2. The progress of all daytime practice, whether mantras or even lhun grub practices, is explicitly assessed by dreams. 
3. The practice of the night is a standard feature in Dzogchen practice manuals. 
4.  Sleep yoga is explicitly emphasized by Dilgo Khyentse, Jigme Lingpa etc.  

So is sleep yoga the highest and most direct practice?

Luminosity in sleep is just a natural result of maturation in view. According to Dudjom Lingpa the afflictive consciousness of sentient beings recedes into the ālaya (or substrate) during sleep, but for seasoned practitioners that process starts to dissolve and ignorance in sleep begins to diminish. 

There was another dream yoga thread not too long ago where I posted some info from the Dröltig Gongpa Rangdröl which divides the path of no more learning into three stages. In the lesser stage equipoise and post-equipoise are completely mixed, but there is still subtle delusion in sleep. In the medium stage luminosity is stabilized and present both day and night. Regarding the last stage (per Jigme Lingpa): the great yoga of no more learning is also called 'crossing over, without any difference in day or night, to the state of the inseparable three kāyas'. In Dzogpa Chenpo sem sde this stage is referred to as 'the experience of spontaneous presence transcending the boundaries of ordinary contemplation'. These three sub-divisions of the path of no more learning span stages [skt. bhūmi, tib. byang chub sems dpa'i sa] 8 to 16. Ergo at the time of the result, wisdom pervades both waking and sleep evenly.

As stated in the concluding remarks (found in song twenty) of Lama Shabkar's Flight of the Garuda: "When dreaming and being awake are without any difference, that is the time of having actualized the meditation."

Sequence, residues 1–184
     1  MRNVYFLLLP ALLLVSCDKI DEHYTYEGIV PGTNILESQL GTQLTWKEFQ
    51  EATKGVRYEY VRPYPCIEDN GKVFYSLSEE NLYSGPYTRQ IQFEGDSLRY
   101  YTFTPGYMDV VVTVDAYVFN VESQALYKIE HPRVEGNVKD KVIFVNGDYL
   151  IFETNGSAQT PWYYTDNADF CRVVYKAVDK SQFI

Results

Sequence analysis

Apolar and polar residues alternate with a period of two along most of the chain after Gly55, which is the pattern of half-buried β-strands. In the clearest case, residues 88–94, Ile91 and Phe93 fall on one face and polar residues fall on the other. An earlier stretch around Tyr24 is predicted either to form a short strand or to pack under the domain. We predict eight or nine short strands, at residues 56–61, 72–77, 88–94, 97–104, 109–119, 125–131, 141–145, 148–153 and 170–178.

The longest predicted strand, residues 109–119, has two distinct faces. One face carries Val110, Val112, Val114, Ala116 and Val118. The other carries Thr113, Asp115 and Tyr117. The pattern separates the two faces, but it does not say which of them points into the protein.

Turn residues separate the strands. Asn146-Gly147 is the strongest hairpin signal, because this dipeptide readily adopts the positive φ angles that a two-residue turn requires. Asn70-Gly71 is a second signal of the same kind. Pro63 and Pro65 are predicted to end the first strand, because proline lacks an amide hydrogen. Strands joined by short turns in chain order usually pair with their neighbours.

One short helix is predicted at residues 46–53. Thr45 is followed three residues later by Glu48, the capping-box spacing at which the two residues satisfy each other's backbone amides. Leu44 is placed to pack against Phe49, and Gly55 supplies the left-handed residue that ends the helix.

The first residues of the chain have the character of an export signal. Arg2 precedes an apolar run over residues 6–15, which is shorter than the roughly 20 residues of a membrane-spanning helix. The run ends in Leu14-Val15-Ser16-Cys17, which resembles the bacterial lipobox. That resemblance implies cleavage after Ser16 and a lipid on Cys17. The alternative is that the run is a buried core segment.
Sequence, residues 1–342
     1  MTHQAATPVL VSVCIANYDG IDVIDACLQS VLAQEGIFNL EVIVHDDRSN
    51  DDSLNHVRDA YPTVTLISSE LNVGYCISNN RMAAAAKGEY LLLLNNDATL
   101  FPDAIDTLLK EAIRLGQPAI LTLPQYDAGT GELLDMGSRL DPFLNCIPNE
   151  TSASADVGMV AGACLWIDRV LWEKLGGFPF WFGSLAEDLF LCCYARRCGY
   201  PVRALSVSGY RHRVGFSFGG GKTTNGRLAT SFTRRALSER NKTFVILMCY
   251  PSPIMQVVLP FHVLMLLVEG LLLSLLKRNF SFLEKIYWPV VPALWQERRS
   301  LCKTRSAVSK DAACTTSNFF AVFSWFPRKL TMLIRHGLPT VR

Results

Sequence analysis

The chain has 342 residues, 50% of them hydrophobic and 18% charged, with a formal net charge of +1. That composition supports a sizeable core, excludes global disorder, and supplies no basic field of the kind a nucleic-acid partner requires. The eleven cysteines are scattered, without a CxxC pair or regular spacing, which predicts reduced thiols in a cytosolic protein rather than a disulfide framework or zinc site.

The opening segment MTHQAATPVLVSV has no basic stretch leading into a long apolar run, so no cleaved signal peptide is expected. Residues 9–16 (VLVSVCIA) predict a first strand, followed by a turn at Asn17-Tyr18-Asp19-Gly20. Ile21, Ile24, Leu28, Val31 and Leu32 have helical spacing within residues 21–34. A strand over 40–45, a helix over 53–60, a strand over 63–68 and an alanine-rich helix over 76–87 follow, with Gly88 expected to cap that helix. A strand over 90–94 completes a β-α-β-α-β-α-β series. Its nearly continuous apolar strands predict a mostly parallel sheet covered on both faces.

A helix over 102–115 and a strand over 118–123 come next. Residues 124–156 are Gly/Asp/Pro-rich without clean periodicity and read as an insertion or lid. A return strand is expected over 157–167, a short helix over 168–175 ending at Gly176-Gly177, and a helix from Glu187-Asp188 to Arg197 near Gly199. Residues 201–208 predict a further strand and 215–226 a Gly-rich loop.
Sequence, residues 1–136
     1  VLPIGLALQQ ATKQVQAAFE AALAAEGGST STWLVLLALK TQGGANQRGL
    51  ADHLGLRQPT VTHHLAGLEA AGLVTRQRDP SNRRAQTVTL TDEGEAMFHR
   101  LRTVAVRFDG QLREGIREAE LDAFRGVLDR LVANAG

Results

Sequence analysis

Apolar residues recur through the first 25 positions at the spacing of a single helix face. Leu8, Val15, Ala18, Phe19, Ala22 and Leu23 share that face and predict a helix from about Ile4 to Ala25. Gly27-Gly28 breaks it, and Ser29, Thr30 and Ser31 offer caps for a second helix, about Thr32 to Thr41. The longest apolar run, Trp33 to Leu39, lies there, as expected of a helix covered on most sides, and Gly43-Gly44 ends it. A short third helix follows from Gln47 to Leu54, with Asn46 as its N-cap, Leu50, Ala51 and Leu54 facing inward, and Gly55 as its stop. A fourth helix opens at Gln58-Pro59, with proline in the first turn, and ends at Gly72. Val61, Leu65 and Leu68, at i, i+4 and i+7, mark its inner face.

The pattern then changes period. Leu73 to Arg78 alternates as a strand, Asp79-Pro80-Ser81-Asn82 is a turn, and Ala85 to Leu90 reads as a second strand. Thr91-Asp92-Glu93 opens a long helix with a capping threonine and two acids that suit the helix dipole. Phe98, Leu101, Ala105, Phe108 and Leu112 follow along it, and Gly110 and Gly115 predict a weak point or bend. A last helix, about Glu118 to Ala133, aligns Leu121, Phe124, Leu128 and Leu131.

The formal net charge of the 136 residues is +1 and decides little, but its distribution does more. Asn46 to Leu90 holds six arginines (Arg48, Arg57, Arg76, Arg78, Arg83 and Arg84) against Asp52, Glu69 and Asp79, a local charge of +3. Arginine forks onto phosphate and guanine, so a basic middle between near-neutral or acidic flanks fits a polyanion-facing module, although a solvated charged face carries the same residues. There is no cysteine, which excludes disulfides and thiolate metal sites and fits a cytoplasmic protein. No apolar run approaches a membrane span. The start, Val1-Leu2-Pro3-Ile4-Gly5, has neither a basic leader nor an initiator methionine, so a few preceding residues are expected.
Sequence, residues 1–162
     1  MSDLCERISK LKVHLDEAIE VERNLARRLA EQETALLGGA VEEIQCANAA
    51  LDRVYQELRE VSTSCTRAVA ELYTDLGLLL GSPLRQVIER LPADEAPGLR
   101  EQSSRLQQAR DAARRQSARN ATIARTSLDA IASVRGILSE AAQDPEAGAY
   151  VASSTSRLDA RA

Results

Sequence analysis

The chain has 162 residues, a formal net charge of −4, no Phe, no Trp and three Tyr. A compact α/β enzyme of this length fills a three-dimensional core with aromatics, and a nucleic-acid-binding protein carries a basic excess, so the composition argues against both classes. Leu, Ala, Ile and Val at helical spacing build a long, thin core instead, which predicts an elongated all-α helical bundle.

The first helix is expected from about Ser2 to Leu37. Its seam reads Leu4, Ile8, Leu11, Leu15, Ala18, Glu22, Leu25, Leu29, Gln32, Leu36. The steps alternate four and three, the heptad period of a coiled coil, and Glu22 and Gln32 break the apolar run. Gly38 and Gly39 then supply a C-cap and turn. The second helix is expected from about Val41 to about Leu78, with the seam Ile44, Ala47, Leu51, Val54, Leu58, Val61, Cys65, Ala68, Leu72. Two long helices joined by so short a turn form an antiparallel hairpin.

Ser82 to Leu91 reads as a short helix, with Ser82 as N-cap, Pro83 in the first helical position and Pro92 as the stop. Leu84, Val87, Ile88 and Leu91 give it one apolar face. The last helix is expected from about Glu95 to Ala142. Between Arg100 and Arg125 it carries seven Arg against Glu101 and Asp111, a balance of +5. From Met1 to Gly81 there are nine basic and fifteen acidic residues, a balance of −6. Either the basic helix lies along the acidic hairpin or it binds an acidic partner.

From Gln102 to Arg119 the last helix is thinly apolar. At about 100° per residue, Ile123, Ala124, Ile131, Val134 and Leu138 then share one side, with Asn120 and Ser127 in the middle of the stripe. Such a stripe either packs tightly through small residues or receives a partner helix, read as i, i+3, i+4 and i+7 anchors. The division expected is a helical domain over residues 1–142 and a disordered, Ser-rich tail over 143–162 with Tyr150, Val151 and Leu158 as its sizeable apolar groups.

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PostPosted: Tue Apr 29, 2014 10:15 am 
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Sherab Dorje wrote:
How did you find it? Would you consider it the most effective practice out of all those you do?



I would be interested in your answer to Sherab Dorje's question ConradTree.


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PostPosted: Tue Apr 29, 2014 11:53 am 
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Personally, the outcomes of personal practice trump conceptual proliferation through theorising, every time.

I found dream yoga startlingly effective. Almost too effective, given my (in)capacity to avoid my dualistic tendencies.

And in a relatively small period of practice time too.

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PostPosted: Tue Apr 29, 2014 1:35 pm 
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Night practice is awesome!!!
But there is hesitation to share more than than that statement... :tongue:


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PostPosted: Tue Apr 29, 2014 10:58 pm 
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Incredible that teachers like Namkhai Norbu Rinpoche are able to do months worth of practice in a single night due to lack of time limitations in the dream state.